The State of Open Source Enterprise Software: The GnuNew Manifesto

By | November 22, 2014

Open source software built the Internet, but for years was distrusted by large enterprises. That’s obviously changed with Linux servers, LAMP stacks and Hadoop cluster now common in enterprise data centers. But despite a history of strident debates, open source versus proprietary is no longer an either-or decision. Indeed, the distinction between the two is nuanced and hard to identify as vendors leverage freely available code, fund open source projects and embrace open APIs within proprietary products. As I write in this Network Computing cover story, the era of public cloud services and software-defined infrastructure means that philosophical debates over OpenStack versus vCloud or OpenDaylight versus Cisco ACI miss the point. For IT, ideological purity is neither possible nor desirable. When it comes to technology decisions it’s business, not dogma.

OpenSourceProjects

Contention between open source groups freely releasing code and commercial vendors capitalizing on proprietary products started the minute software became a profit-generating industry. The latest battleground is enterprise data centers where the fights focus on cloud stacks, software-controlled networks, and big data systems. The lines are far from clear-cut since established IT vendors incorporate open source code, APIs, and standards in their products. On the flip side, startup companies are happy to commercialize public open source projects if they see demand for a polished version of rough, complex, not easily configured open source code. IT must take a pragmatic approach to software and vendor selection. Indeed, InformationWeek survey data shows that few IT organizations have black-and-white policies, with only 14% of respondents stating that they can’t or won’t use open source software.

Enterprise IT S/W licensing preferences Source: InformationWeek Reports

Enterprise IT S/W licensing preferences
Source: InformationWeek Reports

The open source/proprietary distinction spans every corner of the data center and the full NWC digital issue analyzes survey questions focused on the software alternatives in three emergent and important areas of IT infrastructure: cloud stacks, SDN and network automation, and big data systems. There’s plenty of innovation on both sides of the software development divide and for IT it means a pragmatic approach to software and vendor selection, focusing on requirements, features and results, not the development process and philosophy, is most important. The question isn’t OpenStack versus VMware vCloud or OpenDaylight versus Cisco ACI, but how each can contribute to meeting your IT goals.

Whitehurst-v-Gelsinger

Open source proponents, like Red Hat CEO Jim Whitehurst argue that it’s a much more efficient software development model that leads to better, faster and cheaper code and that open source’s distributed, collaborative nature fosters greater innovation. Says Whitehurst, “If you look at where most new applications are getting built, and therefore where so much of the innovation around languages, frameworks and management paradigms are happening, it’s around an open infrastructure.”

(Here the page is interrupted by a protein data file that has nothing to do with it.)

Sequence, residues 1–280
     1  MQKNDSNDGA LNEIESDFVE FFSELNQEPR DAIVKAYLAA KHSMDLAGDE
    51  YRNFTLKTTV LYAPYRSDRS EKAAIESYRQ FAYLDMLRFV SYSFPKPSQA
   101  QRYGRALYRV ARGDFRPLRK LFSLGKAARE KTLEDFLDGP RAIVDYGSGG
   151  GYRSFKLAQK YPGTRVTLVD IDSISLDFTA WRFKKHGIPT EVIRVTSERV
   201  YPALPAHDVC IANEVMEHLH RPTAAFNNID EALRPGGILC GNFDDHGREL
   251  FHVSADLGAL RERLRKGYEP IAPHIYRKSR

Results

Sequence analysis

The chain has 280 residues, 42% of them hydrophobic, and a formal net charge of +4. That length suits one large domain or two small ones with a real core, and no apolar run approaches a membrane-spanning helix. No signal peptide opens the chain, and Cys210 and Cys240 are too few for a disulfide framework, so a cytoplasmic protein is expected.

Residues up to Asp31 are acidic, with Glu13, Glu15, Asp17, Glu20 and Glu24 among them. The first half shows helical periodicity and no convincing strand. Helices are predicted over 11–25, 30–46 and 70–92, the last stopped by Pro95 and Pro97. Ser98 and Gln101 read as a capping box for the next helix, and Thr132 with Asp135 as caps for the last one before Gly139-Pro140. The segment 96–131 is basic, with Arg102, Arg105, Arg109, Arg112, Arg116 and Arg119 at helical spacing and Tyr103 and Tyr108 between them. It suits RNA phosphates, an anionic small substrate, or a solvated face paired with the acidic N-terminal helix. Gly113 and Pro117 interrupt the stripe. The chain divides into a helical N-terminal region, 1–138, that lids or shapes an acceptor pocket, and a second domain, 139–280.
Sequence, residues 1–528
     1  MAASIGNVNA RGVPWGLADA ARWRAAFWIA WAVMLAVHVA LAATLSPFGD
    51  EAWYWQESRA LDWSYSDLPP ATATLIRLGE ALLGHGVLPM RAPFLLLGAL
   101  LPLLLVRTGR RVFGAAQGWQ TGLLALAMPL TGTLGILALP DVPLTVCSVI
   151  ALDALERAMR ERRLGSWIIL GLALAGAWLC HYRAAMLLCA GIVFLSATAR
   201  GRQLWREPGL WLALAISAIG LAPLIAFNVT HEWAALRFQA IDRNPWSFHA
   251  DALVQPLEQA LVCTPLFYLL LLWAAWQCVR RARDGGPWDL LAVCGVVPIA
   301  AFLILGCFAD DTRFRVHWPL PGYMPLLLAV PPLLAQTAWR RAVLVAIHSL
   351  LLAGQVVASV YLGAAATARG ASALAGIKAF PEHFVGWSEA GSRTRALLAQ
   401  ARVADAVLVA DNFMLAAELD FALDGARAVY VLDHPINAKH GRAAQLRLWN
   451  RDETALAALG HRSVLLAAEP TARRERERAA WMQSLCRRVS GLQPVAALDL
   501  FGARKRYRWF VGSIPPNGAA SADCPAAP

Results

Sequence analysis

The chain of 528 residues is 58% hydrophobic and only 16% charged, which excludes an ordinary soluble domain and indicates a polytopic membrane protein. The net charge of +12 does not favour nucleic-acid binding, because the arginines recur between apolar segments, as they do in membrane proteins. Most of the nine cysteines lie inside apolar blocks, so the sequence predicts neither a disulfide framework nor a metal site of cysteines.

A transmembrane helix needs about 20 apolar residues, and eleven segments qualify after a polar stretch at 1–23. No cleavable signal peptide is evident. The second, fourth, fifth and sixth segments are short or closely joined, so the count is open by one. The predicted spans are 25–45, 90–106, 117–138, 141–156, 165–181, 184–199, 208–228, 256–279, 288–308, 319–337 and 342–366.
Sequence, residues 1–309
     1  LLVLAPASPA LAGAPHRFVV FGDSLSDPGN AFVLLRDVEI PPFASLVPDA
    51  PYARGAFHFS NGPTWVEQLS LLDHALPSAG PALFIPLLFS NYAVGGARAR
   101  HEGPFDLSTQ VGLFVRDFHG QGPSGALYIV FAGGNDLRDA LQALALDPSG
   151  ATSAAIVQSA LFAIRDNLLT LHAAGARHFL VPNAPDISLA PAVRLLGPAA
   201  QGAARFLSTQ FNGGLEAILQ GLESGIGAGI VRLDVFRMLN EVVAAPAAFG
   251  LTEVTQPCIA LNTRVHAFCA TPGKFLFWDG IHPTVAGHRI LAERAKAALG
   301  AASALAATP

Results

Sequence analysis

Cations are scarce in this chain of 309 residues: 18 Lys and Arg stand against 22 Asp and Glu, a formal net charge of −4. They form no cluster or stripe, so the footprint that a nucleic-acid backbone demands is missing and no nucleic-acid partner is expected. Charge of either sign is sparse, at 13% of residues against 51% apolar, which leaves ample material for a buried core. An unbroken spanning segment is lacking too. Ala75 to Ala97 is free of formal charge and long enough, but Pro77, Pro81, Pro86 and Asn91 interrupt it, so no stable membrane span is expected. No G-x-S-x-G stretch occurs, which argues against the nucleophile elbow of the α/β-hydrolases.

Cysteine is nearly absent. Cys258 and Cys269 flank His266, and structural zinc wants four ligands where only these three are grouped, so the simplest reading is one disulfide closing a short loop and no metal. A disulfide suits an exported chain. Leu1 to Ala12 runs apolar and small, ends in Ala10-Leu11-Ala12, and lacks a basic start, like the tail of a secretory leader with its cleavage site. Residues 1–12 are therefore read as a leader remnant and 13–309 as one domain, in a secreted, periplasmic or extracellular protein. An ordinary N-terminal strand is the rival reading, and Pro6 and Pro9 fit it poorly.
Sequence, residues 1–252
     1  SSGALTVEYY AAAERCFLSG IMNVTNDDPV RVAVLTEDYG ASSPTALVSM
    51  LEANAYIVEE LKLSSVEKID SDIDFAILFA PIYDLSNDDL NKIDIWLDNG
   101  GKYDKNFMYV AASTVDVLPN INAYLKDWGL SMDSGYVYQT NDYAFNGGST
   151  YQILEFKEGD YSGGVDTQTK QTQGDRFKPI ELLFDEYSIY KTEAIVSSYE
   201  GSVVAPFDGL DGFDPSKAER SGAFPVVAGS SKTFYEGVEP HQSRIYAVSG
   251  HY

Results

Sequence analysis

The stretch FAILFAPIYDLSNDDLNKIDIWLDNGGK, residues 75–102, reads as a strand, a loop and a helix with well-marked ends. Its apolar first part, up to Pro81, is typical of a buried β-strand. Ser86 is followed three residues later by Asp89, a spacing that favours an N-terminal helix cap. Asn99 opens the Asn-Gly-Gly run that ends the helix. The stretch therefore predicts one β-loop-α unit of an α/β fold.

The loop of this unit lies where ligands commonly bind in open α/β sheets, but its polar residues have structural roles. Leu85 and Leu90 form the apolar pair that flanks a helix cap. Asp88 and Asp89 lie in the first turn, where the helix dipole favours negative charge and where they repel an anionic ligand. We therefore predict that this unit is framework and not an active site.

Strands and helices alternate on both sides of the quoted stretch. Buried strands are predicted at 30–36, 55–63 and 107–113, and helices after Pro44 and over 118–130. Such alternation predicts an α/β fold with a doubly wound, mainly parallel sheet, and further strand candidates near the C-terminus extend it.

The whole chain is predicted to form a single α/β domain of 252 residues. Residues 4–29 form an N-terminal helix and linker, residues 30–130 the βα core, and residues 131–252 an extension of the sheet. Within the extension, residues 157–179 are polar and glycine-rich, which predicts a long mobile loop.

Most of those leading large enterprises based on proprietary software acknowledge the importance of open source in today’s software ecosystem, but would agree with VMware CEO Pat Gelsinger that proprietary systems can build added features without the design-by-committee infighting that sometimes reduces open source projects to the lowest common denominator. In an exclusive interview after his 2014 Interop keynote, Gelsinger says VMware embraces openness through support of open, standard APIs. “We’re embracing APIs at multiple levels of our products and saying we will increasingly support these open interfaces into our products. And you’ll see us make more announcements on that as we go forward.”

As networking increasingly becomes defined by software, not hardware, the line between open source and proprietary systems is perhaps the . Not only have established vendors like Cisco begun using merchant switching silicon available to anyone (Lippis Report has an excellent review), but they are supporting various open standards like open vSwitch and VXLAN while simultaneously building proprietary alternatives to OpenFlow (OpFlex) and OpenDaylight (ACI).

Ultimately, the debate about open source versus proprietary software is academic. For enterprise IT, open source purity is neither possible nor desirable. Instead, demand interoperable, flexible products resistant to lock-in that use standard or published APIs and data formats. The focus should be on results not process.